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EPA Proposes First of Two Rules to Amend Coal Ash Disposal Regulations, Saving Up To $100M Per Year in Compliance Costs

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WASHINGTON  — Today, the U.S. Environmental Protection Agency (EPA) is proposing the first of two rules that will amend the regulations for the disposal of coal combustion residuals, also known as CCR or coal ash, from electric utilities and independent power producers. EPA’s Regulatory Impact Assessment shows this proposal, if finalized, will save the utility sector up to $100 million per year in compliance costs.

“Today’s coal ash proposal embodies EPA’s commitment to our state partners by providing them with the ability to incorporate flexibilities into their coal ash permit programs based on the needs of their states,” said EPA Administrator Scott Pruitt. “We are also providing clarification and an opportunity for public comment – something that is much-needed following the public reaction to the 2015 coal ash rule.”

EPA estimates this proposed rule would save the regulated community between $31 million and $100 million per year.  Today’s proposed rule includes more than a dozen changes to the 2015 final CCR rule, which established minimum national standards regulating the location, design, and operation of existing and new CCR landfills and surface impoundments at more than 400 coal-fired power plants nationwide.   

The final 2015 CCR rule remains subject to litigation pending before the U.S. Court of Appeals for the D.C. Circuit.  The proposal addresses four provisions of the 2015 CCR rule that the D.C. Circuit remanded back to EPA in 2016, as well as additional provisions in response to comments received since the final rule went into effect and a petition for rulemaking EPA received in May 2017.  

The proposal would allow alternative performance standards for coal ash disposal units with operating permits issued under an approved state or federal coal ash permit program. The proposal also requests comment on whether a regulated facility could develop and implement similar alternative standards that would be subject to oversight and enforcement by EPA.  Many of the proposed changes are based on the environmental protections and regulatory flexibilities contained in EPA’s longstanding rules governing disposal of municipal solid waste.  The proposal includes:

  • A change to allow a state regulatory program to establish alternative risk-based groundwater protection standards for constituents that do not have an established maximum contaminant level (MCL), rather than the use of background levels that are currently required.  The proposal also requests public comment on whether a facility may be allowed to establish alternative risk-based standards using a certified professional engineer or other means, subject to EPA oversight.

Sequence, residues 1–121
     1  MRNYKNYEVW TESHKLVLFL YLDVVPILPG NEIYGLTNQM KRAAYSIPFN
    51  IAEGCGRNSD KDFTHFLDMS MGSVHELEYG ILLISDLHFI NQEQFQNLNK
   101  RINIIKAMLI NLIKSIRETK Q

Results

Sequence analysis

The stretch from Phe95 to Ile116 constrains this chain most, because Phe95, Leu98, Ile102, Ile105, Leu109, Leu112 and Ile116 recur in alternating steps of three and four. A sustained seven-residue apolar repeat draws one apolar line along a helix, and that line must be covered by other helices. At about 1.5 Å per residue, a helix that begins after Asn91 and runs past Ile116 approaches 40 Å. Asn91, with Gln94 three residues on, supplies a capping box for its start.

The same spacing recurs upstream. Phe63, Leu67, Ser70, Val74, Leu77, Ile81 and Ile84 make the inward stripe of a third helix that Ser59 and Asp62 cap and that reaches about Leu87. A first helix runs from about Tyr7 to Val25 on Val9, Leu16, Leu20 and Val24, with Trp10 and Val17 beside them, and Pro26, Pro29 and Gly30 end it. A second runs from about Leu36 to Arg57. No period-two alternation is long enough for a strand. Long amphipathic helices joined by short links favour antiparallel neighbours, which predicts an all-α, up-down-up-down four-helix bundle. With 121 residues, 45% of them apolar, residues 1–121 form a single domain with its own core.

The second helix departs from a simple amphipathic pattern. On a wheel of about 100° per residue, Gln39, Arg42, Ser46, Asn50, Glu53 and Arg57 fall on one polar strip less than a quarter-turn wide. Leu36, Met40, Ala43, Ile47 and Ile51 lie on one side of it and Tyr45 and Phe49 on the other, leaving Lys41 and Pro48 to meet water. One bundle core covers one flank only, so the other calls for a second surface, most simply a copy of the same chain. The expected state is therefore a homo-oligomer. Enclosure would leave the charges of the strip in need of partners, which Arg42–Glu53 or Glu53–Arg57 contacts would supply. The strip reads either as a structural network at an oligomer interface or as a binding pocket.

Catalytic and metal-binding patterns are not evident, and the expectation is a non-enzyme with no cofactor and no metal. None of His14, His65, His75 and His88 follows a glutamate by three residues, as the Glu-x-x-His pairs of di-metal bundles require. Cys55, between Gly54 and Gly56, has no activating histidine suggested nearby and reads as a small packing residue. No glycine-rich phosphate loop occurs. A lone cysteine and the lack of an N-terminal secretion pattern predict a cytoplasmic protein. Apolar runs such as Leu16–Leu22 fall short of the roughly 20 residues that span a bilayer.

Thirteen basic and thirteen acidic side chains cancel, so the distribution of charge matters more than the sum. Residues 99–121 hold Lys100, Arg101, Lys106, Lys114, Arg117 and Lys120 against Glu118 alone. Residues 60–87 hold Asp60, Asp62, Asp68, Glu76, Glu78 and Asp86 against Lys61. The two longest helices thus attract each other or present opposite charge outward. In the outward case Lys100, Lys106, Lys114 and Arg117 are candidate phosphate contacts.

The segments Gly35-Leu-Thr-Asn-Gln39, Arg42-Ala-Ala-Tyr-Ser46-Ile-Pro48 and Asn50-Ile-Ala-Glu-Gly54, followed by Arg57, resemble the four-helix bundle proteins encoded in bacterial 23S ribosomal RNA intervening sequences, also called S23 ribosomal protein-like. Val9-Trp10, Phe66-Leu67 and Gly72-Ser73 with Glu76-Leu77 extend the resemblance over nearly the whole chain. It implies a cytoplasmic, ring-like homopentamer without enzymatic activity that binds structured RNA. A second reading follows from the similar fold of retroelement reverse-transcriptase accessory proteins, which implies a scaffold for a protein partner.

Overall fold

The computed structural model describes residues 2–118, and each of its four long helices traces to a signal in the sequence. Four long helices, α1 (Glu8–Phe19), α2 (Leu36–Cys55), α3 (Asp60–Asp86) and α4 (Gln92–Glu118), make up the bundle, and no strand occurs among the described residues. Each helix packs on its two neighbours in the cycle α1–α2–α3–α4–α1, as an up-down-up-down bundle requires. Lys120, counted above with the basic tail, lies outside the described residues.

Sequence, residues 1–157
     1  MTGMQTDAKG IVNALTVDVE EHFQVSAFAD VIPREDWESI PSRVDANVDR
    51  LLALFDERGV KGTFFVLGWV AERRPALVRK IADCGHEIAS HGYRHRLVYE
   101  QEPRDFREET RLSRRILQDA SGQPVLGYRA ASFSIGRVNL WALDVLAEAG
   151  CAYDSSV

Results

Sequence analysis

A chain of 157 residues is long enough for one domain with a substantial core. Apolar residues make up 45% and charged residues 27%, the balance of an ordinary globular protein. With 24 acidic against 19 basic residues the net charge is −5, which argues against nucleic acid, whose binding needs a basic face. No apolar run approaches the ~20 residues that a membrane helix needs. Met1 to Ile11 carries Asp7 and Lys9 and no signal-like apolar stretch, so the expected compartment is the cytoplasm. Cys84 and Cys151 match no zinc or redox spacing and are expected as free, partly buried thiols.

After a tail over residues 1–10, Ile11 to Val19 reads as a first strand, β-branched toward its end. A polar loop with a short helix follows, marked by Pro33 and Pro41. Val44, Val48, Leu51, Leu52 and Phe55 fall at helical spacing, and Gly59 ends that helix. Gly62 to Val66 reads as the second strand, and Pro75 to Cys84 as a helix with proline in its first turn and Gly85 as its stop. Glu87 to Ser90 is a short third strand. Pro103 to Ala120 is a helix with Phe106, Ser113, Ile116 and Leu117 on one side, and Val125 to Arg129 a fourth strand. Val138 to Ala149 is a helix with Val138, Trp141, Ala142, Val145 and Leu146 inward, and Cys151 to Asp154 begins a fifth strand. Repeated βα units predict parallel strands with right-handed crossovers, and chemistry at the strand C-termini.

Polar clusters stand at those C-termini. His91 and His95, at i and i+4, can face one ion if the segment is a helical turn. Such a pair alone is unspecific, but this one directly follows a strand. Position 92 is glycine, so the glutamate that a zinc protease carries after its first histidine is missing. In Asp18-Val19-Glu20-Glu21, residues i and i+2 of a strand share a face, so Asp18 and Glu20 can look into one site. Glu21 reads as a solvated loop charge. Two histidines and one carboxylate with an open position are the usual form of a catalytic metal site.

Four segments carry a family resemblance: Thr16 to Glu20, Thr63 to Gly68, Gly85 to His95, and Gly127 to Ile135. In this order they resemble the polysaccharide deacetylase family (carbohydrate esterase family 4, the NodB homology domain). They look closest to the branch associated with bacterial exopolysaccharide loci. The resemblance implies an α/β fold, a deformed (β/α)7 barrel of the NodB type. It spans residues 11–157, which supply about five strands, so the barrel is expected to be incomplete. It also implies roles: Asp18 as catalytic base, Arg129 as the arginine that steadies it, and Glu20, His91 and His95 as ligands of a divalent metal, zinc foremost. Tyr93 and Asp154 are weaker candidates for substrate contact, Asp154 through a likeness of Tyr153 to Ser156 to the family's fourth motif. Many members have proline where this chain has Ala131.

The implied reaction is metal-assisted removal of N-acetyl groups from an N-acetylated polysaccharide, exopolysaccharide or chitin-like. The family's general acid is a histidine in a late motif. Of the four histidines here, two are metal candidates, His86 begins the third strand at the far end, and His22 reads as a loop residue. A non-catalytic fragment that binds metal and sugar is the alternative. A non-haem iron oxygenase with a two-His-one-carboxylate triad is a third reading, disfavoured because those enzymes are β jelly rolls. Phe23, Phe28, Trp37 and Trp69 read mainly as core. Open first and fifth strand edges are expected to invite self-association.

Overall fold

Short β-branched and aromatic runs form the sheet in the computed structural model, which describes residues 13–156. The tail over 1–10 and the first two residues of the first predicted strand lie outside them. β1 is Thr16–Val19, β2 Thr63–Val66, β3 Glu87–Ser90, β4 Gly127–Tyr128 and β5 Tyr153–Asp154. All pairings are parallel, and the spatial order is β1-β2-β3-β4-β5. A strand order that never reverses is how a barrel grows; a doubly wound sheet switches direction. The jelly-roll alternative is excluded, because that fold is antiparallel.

• A request for comment on whether the current deadlines for groundwater monitoring and analysis remain appropriate in light of the new legal authorities and potential regulatory changes.
  • A request for public comment on modifying the location restrictions and associated deadlines concerning construction or operation of a CCR landfill or surface impoundment in certain areas.
  • Changes to allow states to establish alternative requirements for how facilities respond to and remediate releases from CCR landfills and surface impoundments.  The proposal also requests comment on allowing states to determine when an unlined surface impoundment that is leaking may undertake corrective action rather than be forced to stop receiving CCR and close.
  • The addition of boron to the list of constituents for which facilitites would need to perform assessment monitoring.
  • Streamlined administrative procedures that a facility may comply with if there is a non-groundwater release that can be addressed within 180 days.  EPA also requests comment on whether this time period is appropriate. 
  • Modification of the performance standard for vegetative slope protection to protect against erosion and failure of a surface impoundment.
  • A change to the closure provisions to allow the use of coal ash during the closure process and to allow non-CCR waste to continue to be placed in a CCR surface impoundment that is subject to closure.

At that time the final CCR rule was issued in 2015, EPA did not have the authority to allow states to become authorized to administer their own CCR permit programs in lieu of the federal regulations or to provide alternative regulatory standards and compliance options.  However, in 2016, Congress amended the Resource Conservation and Recovery Act with passage of the Water Infrastructure Improvements for the Nation Act (WIIN Act), which provides authority for states to become authorized to operate CCR permit programs “in lieu of the federal regulations,” as long as the EPA determines that the state’s requirements are at least as protective as the standards in the 2015 final rule or successor regulations.  The WIIN Act also provides EPA new authority to provide oversight of CCR units.

EPA will be accepting public comment on this proposal for 45 days after publication in the Federal Register and plans to hold a public hearing to receive additional feedback on the proposal during the public comment period.  EPA also plans to propose additional changes to the CCR rule later this year.

Additional information on this proposal and how to comment can be found at: